One consequence of the, quite frankly, stunning weather we have been having lately is a complete lack of motivation on my part to do any work. The knowledge that I have a Roadster just sat somewhere idle feels wrong. So after an abysmally lacklustre and unproductive day on Monday and after discussions with a colleague who felt the same way a plan was hatched. Friday would be a day of venting such frustrations. Tuesday to Thursday therefore we would actually have to get some work done in order to make this feasible. We both had plans for the weekend so a challenge was set. To get from London to Paris in time for lunch, spend an hour or two on a whistlestop tour and make it back in one day. This had the added bonus of me being able to drive on the continent which (ashamedly) I had not yet done. So lunch reservations were made and the Eurotunnel times checked. Rather than bore everyone to death with the whole story, here are my observations from yesterday...:
1. London is still a b***h to get out of even at 6:30am. This was never intended to be a top gear challenge. But it very quickly turned into one with distances having to be covered in almost unfeasibly short times...
2. We were not the only ones. The Eurotunnel check-in was like a small villa de este. There was a gorgeous Riviera Blue 993RS and a convoy of a black 308, a V12V and an R8.
3. Eurotunnel was much nicer than I anticipated, very quick and very efficient.
4. The coastal D940 from Calais to Bologne de sur is a lovely lovely stretch of road....
5. The French love Aston Martins. Fact. There was an inordinate amount of (positive) attention on French motorways. There were also very very few service stations and it seemed my fuel provision was getting optimistic...
6. The Arc du Triomphe was predictability manic and somewhat hair-raising but palatable. The general standard of parisian driving was shocking. It was like driving in Vietnam. Limited marked lanes. Traffic lights in odd hard to see places. The sheer number of scooters/bikes with constant lane changes and weaving. The amount of 'lane creation' with people just squeezing through improbable gaps. The beeping. The cars cutting perpendicular into oncoming traffic to make u-turns or side street entrances. Mindblowing.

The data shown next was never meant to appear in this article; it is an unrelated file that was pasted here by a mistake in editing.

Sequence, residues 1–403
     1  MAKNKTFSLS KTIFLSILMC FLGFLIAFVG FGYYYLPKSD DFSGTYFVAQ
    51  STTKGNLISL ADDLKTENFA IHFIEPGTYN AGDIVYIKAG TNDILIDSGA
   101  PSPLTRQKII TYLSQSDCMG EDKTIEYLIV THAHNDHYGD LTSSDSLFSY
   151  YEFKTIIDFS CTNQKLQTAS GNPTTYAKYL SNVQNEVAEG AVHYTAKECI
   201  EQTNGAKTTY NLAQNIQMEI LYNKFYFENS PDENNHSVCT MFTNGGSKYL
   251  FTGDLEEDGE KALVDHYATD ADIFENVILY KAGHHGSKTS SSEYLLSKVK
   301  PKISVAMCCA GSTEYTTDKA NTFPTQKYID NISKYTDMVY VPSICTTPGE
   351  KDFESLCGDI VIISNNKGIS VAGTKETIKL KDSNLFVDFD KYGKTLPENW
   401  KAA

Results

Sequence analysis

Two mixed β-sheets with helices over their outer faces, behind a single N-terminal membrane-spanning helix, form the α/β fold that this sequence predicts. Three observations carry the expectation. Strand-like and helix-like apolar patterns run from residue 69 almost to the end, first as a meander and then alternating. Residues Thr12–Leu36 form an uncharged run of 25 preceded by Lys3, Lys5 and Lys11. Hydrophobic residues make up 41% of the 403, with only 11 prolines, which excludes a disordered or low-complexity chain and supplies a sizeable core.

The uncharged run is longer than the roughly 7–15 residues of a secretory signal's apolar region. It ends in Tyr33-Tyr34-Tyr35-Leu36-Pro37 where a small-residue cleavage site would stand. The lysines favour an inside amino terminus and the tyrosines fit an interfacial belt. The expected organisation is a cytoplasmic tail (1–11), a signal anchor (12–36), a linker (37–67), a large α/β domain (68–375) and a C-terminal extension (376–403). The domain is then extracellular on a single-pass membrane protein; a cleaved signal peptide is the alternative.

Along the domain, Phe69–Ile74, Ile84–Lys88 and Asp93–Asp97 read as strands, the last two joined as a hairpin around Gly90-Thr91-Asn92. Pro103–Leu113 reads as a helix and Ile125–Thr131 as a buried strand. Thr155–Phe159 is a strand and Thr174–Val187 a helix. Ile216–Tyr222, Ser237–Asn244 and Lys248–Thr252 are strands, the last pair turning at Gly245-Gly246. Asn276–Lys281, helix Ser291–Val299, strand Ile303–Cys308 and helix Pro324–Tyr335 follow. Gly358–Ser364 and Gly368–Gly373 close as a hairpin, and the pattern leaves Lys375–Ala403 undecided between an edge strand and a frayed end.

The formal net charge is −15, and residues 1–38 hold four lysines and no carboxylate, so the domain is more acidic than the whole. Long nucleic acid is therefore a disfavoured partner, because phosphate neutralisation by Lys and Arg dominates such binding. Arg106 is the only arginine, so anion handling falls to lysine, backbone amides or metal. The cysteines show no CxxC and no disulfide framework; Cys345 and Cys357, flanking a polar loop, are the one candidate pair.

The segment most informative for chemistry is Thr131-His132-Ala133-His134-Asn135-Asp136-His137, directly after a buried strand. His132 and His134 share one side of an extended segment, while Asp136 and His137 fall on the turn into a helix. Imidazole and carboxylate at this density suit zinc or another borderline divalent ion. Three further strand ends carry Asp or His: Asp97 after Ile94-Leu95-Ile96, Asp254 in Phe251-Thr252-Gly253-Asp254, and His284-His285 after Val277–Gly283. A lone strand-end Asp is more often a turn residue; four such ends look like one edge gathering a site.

7. The front of the George V hotel is probably the best parking spot in Paris. Even if you are 20 minutes late for lunch and arrive as they are closing the kitchen, if you explain politely you have driven from London to be there, they will do their best to accommodate you.
8. Le Cinq is as good as people say.
9. The little old Vantage was very well received in Paris. Cries of "c'est magnifique", everyone stopping to read the bonnet badge. I was very surprised to see it getting far more attention outside the hotel than the black LP640 SV it was parked in front of.
10. I have never seen the single dashed line on the fuel indicator before. And after conducting some research, the concierge at the hotel was able to point me to a underground fuel station just off the arc du triomphe. So for those that need a lifeline, there is a place to refuel at the top of Avenue Foche.
11. Unlike London, it was possible to drive within 10 feet of iconic places such as the Eiffel tower.
12. Getting out of Paris at 6pm is a b***h. Again. Having to cover a substantive distance in short order really does focus the mind..
13. After a trip like that, the front of the car looks as though it has committed multiple atrocities against the insect population.
So a very fun day. Possible, yes. But in all honesty probably a lot nicer if you stay for at least one night.
Still. Very nice to be able to know that if you want to, the carriage from Gaydon will whisk you down to Paris for the day without skipping a beat.
P.S does anyone know how long it takes to receive any correspondence regarding those annoying flashing little boxes on the side of the motorways...